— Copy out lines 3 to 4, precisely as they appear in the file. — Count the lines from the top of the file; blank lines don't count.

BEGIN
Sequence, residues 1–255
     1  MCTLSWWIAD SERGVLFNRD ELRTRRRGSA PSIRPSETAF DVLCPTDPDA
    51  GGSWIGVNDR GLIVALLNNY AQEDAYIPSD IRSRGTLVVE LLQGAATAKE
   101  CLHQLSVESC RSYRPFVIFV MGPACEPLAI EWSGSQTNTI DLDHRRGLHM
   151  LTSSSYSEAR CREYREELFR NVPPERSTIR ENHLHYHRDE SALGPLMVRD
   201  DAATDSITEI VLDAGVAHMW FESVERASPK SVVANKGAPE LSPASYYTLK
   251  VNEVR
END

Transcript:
    51  GGSWIGVNDR GLIVALLNNY AQEDAYIPSD IRSRGTLVVE LLQGAATAKE
   101  CLHQLSVESC RSYRPFVIFV MGPACEPLAI EWSGSQTNTI DLDHRRGLHM